Interpretable Multiclass Models for Corporate Credit Rating Capable of Expressing Doubt
Citable Link (URL):http://resolver.sub.uni-goettingen.de/purl?gs-1/13800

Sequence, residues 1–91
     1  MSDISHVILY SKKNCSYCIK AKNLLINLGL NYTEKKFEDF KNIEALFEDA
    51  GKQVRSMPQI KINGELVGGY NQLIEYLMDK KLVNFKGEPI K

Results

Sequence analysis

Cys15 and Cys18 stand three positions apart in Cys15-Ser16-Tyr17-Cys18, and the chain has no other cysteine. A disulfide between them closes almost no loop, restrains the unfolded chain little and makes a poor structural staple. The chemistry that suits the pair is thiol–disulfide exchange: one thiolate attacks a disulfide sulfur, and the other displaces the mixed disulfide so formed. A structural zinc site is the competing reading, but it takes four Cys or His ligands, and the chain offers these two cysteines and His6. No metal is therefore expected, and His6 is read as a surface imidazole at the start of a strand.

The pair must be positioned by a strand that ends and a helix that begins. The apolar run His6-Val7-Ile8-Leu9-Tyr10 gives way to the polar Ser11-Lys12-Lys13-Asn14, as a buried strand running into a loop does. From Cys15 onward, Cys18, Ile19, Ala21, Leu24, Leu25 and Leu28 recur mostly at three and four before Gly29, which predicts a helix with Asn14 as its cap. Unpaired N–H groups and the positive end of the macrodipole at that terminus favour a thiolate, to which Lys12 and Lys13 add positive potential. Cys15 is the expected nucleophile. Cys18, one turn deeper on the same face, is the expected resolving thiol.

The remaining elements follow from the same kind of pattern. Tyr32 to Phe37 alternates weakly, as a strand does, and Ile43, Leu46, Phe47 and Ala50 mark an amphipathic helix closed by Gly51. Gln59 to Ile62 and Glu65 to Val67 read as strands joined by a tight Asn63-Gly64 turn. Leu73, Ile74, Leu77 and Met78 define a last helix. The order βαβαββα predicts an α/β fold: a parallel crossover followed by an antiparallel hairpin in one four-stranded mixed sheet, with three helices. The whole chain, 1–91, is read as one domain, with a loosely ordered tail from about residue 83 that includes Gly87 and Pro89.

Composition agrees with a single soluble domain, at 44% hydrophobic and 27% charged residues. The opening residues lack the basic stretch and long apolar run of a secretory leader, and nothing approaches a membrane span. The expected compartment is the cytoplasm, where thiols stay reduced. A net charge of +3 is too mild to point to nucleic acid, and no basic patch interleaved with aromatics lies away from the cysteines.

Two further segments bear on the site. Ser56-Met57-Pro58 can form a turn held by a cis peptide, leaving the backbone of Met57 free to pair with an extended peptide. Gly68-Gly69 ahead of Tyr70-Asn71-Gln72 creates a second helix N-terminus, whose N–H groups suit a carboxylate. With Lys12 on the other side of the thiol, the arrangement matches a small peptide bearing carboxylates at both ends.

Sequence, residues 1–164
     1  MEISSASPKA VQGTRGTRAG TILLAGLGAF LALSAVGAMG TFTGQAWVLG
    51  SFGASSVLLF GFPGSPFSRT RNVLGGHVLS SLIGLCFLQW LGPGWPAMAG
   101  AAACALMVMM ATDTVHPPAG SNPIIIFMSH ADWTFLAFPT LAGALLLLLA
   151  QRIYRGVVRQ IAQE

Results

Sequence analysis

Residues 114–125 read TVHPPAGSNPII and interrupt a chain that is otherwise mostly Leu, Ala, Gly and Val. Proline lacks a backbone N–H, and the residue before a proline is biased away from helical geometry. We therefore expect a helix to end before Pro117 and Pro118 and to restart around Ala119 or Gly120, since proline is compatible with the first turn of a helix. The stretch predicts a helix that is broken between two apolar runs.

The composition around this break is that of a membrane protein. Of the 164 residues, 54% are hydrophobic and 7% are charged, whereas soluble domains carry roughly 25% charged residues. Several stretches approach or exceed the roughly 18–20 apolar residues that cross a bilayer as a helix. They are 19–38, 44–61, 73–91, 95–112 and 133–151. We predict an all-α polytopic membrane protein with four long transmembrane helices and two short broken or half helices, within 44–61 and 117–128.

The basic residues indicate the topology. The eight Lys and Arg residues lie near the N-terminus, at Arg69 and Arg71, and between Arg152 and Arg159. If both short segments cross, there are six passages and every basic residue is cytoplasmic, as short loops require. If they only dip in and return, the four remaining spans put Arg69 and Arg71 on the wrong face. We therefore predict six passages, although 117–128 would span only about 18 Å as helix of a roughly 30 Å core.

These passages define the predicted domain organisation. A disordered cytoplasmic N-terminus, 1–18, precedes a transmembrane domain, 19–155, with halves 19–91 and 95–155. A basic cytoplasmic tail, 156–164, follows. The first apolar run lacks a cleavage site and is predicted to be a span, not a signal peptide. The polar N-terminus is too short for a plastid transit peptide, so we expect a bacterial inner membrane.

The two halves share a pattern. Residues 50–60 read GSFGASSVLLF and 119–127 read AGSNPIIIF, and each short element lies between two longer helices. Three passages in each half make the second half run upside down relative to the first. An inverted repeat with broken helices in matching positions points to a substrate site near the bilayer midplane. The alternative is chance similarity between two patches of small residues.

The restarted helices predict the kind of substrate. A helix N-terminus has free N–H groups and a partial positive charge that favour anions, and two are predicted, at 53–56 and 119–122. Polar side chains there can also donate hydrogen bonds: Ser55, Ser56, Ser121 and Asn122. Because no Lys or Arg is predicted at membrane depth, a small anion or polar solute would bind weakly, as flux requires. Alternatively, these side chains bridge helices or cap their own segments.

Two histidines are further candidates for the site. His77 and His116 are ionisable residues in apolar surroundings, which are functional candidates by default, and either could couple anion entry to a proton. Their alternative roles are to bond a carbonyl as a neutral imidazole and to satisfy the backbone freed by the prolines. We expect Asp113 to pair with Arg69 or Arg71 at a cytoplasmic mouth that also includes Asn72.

Corporate credit rating is a process to classify commercial enterprises based on their creditworthiness. Machine learning algorithms can construct classification models, but in general they do not tend to be 100% accurate. Since they can be used as decision support for experts, interpretable models are desirable. Unfortunately, interpretable models are provided by only few machine learners. Furthermore, credit rating often is a multiclass problem with more than two rating classes. Due to this fact, multiclass classification is often achieved via meta-algorithms using multiple binary learners. However, most state-of-the-art meta-algorithms destroy the interpretability of binary models. In this study, we present Thresholder, a binary interpretable threshold-based disjunctive normal form (DNF) learning algorithm in addition to modifications of popular multiclass meta-algorithms which maintain the interpretability of our binary classifier. Furthermore, we present an approach to express doubt in the decision of our model. Performance and model size are compared with other interpretable approaches for learning DNFs (RIPPER) and decision trees (C4.5) as well as non-interpretable models like random forests, artificial neural networks, and support vector machines. We evaluate their performances on three real-life data sets divided into three rating classes. In this case study all threshold-based and interpretable models perform equally well and significantly better than other methods. Our new Thresholder algorithm builds the smallest models while its performance is as good as the best methods of our case study. Furthermore, Thresholder marks many potential misclassifications in advance with a doubt label without increasing the classification error.